Drivers of Financial Performance
Healthcare companies try to improve their financial performance like any other business. These firms operate in a sector associated with high costs and risks as well as a variety of ethical issues (Friedman, 2015). The market is also highly competitive and technology-driven. Some healthcare organizations fail to develop a concise strategy aimed at maintaining appropriate financial performance. Therefore, it is crucial to understand the major drivers of the financial performance of healthcare firms.
Cleverley and Cameron (2007) identify 13 central categories of financial performance drivers. These are market factors, pricing, coding, contract negotiation, overall cost, labor costs, supply costs, departmental costs, service intensity, non-operating income, investment efficiency, plant obsolescence, and capital position. It is noteworthy that market factors often have the largest impact on companies’ financial performance. Thus, competitors, the situation in the market, and customers’ profiles (demographic and socioeconomic peculiarities of the population).
Investment efficiency is another crucial driver of healthcare firms’ performance. Managers often lack the understanding of the most promising projects. When it comes to the healthcare setting, it can be difficult to develop a strategy aimed at identifying areas for investment. Some healthcare units focus on technological development (purchasing equipment, devices), but ignore the need to develop the staff, which leads to significant losses.
Pricing is another area of concern as it may often undermine companies’ financial performance. Economic constraints in the country have made many healthcare procedures hardly affordable for many potential customers. Finally, labor costs have a significant effect on the healthcare firm’s performance as the staff of high-profile healthcare professionals is costly but crucial for any healthcare company.
Performance Measure in the UAE Hospital
Organizations tend to utilize four primary performance measures. These are the internal process, measures, key financial measures, innovation measures, and customer satisfaction measures (Joint Commission Resources, 2008). These key measures can be applied to an Emirati hospital.
As for internal processes, it is essential to take into account the efficacy of procedures employed in the healthcare facility. Such areas as delivery of services, reporting, and communication should receive the most attention (Woodbridge & Allen, 2010, p. 9-8). When it comes to financial measures, it is crucial to consider such areas as cost-effectiveness of procedures, labor costs, supply costs, overall costs. It is necessary to note that these two measures are used by the vast majority of healthcare units, but some Emirati hospitals fail to pay sufficient attention to innovation measures and customer satisfaction measures. At that, innovation and development measures can help managers to unveil issues that may arise in the future. The healthcare market is highly innovative, and advances in science and medicine, as well as technology, provide various opportunities for the development of healthcare units.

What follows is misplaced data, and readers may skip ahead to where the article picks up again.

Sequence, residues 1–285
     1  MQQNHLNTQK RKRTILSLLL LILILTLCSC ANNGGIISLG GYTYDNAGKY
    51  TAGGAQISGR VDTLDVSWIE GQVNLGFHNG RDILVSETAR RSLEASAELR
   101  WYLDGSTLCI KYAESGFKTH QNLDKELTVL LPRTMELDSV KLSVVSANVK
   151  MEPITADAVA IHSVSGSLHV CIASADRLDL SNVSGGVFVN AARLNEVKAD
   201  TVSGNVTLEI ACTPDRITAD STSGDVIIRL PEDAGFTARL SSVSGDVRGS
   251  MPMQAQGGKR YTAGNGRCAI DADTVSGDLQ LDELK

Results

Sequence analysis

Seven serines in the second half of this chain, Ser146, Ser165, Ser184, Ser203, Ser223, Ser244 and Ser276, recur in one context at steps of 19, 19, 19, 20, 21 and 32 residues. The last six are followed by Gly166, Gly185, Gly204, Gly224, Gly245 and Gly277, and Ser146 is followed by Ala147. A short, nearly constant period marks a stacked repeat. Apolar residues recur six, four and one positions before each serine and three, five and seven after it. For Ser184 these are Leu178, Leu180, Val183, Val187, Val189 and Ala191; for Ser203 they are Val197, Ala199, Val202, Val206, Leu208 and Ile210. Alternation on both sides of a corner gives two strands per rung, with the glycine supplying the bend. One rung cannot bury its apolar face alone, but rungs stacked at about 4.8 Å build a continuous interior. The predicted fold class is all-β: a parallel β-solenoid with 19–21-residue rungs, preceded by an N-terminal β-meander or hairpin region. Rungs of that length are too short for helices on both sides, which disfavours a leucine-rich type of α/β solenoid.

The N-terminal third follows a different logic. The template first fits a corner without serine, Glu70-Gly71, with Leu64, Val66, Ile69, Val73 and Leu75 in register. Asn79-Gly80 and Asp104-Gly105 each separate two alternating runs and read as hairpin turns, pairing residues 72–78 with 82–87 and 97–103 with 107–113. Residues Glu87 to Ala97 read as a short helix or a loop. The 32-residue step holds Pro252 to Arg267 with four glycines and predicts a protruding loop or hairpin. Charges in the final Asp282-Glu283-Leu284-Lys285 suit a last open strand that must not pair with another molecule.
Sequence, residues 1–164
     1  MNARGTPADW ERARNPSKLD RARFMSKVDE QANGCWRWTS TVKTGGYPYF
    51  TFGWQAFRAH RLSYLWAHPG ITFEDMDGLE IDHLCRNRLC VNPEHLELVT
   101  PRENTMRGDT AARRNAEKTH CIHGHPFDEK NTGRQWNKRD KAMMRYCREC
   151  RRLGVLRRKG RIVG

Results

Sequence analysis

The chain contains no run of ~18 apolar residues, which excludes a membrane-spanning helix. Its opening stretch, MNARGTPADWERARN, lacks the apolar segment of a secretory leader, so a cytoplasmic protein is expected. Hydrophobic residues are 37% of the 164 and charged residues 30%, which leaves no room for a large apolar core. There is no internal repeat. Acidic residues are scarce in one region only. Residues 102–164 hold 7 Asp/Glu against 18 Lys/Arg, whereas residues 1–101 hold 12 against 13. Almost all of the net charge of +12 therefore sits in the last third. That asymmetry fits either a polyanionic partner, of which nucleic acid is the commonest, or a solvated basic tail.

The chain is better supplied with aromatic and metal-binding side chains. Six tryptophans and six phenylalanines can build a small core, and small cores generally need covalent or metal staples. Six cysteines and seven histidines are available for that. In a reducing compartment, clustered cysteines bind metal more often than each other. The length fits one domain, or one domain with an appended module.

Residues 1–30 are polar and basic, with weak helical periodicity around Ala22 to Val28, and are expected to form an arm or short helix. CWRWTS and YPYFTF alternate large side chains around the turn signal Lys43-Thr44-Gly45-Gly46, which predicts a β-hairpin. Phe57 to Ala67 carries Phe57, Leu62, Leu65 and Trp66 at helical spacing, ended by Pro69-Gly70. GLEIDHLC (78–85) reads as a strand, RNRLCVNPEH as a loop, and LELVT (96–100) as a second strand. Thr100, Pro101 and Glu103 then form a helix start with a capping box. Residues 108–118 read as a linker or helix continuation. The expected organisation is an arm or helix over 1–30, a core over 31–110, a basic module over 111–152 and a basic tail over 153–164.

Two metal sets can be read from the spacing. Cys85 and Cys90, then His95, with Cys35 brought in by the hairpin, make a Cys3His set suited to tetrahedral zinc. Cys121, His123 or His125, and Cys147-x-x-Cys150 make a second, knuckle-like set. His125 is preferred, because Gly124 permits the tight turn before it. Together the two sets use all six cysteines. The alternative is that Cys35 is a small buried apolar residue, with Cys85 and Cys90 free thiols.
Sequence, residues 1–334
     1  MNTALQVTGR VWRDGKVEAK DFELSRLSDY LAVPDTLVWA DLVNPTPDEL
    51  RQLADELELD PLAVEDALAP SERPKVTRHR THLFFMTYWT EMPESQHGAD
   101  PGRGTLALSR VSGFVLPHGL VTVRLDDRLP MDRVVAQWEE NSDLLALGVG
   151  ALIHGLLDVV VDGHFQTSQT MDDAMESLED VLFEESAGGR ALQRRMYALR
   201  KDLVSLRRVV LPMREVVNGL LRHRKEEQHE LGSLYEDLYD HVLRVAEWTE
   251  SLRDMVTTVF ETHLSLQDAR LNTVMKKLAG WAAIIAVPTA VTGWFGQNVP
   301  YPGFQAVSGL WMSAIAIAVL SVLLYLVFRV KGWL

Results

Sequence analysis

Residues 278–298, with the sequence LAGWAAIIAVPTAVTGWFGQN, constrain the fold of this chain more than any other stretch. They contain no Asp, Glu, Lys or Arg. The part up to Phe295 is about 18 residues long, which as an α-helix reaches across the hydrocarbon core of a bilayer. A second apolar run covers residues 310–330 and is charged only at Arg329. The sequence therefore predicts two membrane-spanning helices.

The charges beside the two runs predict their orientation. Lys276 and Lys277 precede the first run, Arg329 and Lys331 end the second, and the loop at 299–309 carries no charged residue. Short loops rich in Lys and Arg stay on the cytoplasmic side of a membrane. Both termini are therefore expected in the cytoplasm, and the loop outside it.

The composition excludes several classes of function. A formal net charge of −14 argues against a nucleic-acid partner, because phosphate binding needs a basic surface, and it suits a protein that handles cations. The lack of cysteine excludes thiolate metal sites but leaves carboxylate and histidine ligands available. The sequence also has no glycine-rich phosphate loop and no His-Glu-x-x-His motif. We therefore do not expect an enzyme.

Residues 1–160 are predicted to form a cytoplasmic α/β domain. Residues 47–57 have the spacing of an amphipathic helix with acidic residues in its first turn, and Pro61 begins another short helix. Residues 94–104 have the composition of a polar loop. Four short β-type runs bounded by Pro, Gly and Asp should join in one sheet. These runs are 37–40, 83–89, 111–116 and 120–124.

The customer satisfaction measure seems to be quite logical, but many people fail to assess it correctly. Apart from health outcomes, it is necessary to take into account the actual assessment of the patient. More so, the satisfaction of relatives and caregivers should be measured as well (Joint Commission Resources, 2008). Healthcare professionals should provide medical and emotional support to patients, and this should also be a part of performance measurement. At that, it is necessary to note that Emirati hospitals should develop a set of performance measurements based on the four key measures. Thus, each hospital’s measurements may differ due to peculiarities of location, type (hospice, hospitals for adults, children, and so on), and size.
Cleverley, W.O., & Cameron, A.E. (2007). Essentials of health care finance. Sadbury, MA: Jones & Barlett Learning.
Friedman, L.H. (2015). Organizational excellence. In M.D. Fottler, D. Malvey & D.J. Slovensky (Eds.), Handbook of healthcare management (pp. 187-210). Northampton, MA: Edward Elgar Publishing.
Joint Commission Resources. (2008). Managing performance measurement data in health care. Oakbrook, IL: Joint Commission Resources.
Woodbridge, P.A., & Allen, G.O. (2010). Performance assessment for healthcare organizations. In Y. Yih (Ed.), Handbook of healthcare delivery systems (pp. 9-1-10-1). Boca Raton, FL: CRC Press.